Bilingual Primary School, Brighton & Hove (Spanish & English)
Buenos Dias, Brighton – Spanish nursery, Saturday school and after hours club
Svenska Skolan – Swedish School, London
Lycée Français Charles de Gaulle, London

There are community associations and groups available for EU27 nationals in UK

Examples
Agency for Bulgarians Abroad
Association of Estonians in Great Britain
Sussex Hungarian Cultural Association
Latviesiem – website for Latvians in UK
Crawley Lithuanian Society
Poles In Hastings
Cypriot Community Centre, London
Brighton Greeks
Irish in Britain
Maltese Community Online
Associazione Italiani Del Sussex
Crawley Portuguese Community Facebook
Polish Association in Kent Facebook

Not all EU27 represented here let alone all regions but a bit of Googling will find more.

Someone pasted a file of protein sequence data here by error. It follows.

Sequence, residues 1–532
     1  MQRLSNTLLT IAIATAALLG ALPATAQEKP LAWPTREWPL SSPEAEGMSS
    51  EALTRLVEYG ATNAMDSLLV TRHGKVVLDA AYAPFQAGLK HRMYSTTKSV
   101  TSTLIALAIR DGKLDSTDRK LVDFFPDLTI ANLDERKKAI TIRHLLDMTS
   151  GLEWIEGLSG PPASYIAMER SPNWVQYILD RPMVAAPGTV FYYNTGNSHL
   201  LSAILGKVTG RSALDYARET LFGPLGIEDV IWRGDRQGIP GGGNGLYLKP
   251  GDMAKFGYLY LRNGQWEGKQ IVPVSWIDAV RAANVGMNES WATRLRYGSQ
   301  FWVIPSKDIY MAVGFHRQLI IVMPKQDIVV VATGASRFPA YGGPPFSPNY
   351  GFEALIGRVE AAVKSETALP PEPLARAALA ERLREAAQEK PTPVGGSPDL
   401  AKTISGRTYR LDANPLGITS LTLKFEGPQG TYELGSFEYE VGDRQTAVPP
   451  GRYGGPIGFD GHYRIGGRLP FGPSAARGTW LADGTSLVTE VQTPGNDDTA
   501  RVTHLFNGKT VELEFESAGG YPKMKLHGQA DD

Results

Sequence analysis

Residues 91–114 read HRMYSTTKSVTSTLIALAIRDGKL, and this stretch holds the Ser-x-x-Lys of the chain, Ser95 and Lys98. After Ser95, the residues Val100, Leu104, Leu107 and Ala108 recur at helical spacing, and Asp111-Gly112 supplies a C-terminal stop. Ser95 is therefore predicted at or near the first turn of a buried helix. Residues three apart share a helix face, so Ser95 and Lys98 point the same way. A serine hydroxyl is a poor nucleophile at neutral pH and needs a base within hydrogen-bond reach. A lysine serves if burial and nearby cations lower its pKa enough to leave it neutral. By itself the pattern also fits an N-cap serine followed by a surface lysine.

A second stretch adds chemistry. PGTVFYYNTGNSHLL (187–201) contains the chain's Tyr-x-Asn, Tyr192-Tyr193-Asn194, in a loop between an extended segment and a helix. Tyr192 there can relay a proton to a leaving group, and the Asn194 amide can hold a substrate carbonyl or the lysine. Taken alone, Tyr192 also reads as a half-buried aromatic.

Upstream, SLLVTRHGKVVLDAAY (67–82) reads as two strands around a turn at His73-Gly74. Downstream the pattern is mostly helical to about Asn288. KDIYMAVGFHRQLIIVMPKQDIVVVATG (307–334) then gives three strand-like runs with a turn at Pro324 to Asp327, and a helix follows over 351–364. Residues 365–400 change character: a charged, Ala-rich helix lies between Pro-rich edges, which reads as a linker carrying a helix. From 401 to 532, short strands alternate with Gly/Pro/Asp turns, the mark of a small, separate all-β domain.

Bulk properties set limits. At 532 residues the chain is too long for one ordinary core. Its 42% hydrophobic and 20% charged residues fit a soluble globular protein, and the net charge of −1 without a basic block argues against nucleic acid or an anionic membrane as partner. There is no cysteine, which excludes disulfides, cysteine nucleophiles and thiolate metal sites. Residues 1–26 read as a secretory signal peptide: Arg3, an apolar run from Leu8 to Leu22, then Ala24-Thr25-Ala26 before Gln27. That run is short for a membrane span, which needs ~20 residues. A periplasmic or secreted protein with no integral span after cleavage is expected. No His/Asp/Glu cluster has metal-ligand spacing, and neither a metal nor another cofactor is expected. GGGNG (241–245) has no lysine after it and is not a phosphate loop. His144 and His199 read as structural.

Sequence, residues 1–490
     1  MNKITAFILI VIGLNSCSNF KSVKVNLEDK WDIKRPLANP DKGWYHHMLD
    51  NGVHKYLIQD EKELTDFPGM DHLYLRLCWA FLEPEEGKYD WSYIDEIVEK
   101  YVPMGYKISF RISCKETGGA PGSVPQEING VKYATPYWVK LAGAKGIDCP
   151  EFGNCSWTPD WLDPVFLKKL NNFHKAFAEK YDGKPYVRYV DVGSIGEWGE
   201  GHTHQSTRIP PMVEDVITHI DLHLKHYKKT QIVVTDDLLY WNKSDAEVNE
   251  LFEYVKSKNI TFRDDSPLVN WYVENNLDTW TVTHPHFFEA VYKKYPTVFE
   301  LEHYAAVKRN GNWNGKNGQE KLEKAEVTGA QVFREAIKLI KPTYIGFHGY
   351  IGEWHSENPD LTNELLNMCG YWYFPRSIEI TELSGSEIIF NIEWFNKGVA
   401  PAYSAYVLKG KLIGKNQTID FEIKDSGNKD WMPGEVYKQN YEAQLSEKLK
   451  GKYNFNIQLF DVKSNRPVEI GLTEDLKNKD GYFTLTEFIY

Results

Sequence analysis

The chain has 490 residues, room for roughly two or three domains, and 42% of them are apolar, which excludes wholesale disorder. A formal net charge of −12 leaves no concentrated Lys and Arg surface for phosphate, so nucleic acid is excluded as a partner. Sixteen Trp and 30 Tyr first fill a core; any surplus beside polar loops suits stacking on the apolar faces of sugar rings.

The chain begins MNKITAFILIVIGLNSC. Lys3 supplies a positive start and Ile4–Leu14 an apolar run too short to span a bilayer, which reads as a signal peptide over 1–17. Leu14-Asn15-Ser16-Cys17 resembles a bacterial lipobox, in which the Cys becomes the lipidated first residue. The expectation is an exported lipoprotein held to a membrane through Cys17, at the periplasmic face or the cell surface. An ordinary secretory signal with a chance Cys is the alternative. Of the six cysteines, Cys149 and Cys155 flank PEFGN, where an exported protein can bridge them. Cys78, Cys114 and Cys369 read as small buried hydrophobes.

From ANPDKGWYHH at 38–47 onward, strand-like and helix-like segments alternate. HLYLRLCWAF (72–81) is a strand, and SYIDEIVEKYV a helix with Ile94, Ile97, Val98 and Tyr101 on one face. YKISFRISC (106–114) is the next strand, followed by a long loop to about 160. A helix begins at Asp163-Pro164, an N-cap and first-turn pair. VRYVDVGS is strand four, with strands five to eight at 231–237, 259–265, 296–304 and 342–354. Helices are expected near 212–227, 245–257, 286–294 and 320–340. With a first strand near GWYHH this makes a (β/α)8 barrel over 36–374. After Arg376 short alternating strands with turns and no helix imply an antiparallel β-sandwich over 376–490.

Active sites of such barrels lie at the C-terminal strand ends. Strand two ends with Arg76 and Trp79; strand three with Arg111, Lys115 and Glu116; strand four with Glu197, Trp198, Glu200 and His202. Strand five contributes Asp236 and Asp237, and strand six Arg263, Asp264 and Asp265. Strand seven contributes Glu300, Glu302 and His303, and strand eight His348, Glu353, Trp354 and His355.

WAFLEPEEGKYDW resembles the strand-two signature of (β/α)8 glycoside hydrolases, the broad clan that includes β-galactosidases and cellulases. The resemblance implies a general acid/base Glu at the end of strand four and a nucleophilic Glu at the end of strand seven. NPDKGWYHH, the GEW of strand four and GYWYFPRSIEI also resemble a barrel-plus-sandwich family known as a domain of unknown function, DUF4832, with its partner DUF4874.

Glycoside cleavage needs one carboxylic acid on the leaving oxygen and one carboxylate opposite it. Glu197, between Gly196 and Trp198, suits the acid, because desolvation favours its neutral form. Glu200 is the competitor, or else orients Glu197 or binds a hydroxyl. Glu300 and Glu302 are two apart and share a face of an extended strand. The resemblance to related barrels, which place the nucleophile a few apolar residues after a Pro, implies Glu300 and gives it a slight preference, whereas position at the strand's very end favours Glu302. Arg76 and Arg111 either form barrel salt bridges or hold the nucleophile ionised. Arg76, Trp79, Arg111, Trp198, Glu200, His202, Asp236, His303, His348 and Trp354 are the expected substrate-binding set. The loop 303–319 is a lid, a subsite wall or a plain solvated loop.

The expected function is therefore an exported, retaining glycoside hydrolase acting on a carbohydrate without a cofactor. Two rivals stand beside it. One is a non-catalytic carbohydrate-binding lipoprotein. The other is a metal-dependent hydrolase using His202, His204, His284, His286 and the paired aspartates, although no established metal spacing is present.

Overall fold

In any situation eg harassment at home, bullying of children in school, if you find others who have experienced it, you’ll get helpful tips at the very least and if you band together, you amplify your voices.

If you find a number of people in the same council ward or children in one particular school suffering, it’s evident that there’s a problem. You can get together and demand a meeting with police, community safety partnership, councillors. MP, education authorities etc. Get local media involved, ask local Remain groups for support and protest.

Nationality is a Protected Characteristic and you still have same rights as EU citizens as before the referendum.

Please note that this is general advice based on personal experience, not legal advice. You can get that from Community Legal Advice

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Copyright 2017 Théroigne S B G Russell